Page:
And then there’s the matter of money. 

Waiving intellectual property protections could cut into profits for vaccine makers like Pfizer, Moderna and Johnson & Johnson, for whom business has boomed amid the pandemic.  

Johnson & Johnson reported $100 million in vaccine sales – despite the 11-day pause on the shot in the U.S. – and Moderna will report earnings on Thursday. 

On Thursday, Shares of COVID-19 vaccine makers fell on Thursday as governments debated plans to waive patent protection for the shots, with analysts saying the move could rattle investor sentiment or weigh on longer-term business prospects. 

Among companies with COVID-19 vaccines, shares of Pfizer fell 1.7 percent and were among the biggest weights on the benchmark S&P 500 index, while U.S. shares of its German partner BioNTech SE shed 0.6 percent after falling as much as 15 percent earlier.

Moderna was off 1.3 percent, recovering after being down nearly 12 percent, while Johnson & Johnson and AstraZeneca Plc were little changed, as the broad S&P 500 rose 0.2 percent.

Whether or not a temporary waiver on patents would significantly reduce global demand for the current Covid vaccinemakers product, the pharmaceutical industry is concerned it could lead to the undoing the tightly wound laws that protect intellectual property worth several fortunes.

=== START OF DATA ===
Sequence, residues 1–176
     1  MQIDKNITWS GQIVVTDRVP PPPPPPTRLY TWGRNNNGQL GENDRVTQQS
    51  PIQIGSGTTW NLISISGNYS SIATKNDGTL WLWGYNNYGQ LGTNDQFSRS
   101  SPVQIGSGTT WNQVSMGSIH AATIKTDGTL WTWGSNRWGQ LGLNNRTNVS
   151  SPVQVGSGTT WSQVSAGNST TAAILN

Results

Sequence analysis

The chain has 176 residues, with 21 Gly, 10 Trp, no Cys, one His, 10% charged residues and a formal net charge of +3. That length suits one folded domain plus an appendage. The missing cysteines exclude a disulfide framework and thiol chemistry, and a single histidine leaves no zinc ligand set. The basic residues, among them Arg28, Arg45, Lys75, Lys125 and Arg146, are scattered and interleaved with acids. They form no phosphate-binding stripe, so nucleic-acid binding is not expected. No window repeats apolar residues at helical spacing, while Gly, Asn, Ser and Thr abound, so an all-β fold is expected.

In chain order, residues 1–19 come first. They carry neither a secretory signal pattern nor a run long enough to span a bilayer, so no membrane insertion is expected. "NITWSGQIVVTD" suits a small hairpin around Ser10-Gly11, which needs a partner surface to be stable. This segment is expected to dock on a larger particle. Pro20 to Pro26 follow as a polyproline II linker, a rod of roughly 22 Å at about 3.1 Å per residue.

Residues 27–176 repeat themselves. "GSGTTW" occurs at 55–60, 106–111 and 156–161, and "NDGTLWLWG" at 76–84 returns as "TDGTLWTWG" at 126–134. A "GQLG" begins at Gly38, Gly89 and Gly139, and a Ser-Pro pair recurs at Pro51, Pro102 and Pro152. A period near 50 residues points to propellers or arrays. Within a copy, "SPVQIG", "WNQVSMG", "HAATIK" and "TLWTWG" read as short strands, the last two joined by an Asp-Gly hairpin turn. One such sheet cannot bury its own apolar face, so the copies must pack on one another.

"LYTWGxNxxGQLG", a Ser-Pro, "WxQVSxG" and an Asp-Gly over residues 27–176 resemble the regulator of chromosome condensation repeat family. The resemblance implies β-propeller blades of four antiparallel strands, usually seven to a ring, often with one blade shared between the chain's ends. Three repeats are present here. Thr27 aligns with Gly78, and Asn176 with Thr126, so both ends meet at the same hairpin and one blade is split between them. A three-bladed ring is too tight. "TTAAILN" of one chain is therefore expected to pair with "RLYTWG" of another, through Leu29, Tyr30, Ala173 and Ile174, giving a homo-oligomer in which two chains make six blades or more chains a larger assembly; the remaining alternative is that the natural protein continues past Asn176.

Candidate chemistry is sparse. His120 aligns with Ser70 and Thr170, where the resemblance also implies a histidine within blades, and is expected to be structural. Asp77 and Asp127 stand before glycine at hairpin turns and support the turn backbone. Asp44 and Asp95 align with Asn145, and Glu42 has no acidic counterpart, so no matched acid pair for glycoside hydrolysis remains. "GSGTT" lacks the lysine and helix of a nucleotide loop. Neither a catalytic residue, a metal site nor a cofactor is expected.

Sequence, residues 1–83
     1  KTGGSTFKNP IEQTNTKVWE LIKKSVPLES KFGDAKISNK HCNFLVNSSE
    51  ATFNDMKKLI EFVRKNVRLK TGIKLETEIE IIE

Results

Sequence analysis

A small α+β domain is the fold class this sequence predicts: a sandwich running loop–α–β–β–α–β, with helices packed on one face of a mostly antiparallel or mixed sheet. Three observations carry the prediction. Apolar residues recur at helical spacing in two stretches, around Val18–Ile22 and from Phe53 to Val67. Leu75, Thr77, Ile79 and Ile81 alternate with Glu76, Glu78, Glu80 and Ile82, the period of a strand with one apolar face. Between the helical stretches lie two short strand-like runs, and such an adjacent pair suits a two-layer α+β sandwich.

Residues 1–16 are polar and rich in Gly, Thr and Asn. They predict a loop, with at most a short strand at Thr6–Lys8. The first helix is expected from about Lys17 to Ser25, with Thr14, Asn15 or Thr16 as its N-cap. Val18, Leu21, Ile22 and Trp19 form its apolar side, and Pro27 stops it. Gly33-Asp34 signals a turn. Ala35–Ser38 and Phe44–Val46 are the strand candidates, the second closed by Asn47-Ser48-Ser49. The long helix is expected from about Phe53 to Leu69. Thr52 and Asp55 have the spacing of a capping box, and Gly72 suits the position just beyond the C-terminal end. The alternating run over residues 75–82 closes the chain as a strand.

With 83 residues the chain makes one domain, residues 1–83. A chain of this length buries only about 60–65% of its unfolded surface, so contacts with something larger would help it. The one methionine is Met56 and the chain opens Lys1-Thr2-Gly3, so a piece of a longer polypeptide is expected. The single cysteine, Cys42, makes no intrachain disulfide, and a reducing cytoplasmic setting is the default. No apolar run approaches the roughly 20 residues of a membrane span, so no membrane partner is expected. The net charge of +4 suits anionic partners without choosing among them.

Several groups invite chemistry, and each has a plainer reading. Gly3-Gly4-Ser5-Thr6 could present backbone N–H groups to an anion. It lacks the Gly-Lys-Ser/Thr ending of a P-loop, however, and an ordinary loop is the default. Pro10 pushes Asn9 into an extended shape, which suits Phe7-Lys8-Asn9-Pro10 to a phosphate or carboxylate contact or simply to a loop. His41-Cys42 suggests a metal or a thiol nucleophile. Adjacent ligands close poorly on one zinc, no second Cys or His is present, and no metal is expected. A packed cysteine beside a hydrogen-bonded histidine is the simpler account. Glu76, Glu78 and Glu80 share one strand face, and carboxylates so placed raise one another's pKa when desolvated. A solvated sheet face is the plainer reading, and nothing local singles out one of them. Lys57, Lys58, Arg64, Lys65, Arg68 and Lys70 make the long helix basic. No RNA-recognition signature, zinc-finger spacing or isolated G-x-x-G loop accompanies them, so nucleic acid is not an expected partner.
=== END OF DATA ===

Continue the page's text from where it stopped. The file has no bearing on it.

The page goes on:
‘In the midst of a deadly pandemic, the Biden Administration has taken an unprecedented step that will undermine our global response to the pandemic and compromise safety. 

This decision will sow confusion between public and private partners, further weaken already strained supply chains and foster the proliferation of counterfeit vaccines,’ Stephen Ubl, head of PhRMA, the industry’s trade group told Stat. 

Public health advocates look at the Biden administration’s new position more favorably. 

‘My take is: By itself, it will not get us much benefit in increased manufacturing capacity,’ Prashant Yadav a senior fellow specializing in supply chains at the Center for Global development told Stat. 

‘But as part of a larger package, it can.’ 

Either way, patents will only formally be waived if all of the WTO countries agree to it.

As of Thursday afternoon, the UK, Canada and the EU were still blocking a consensus to waive patents.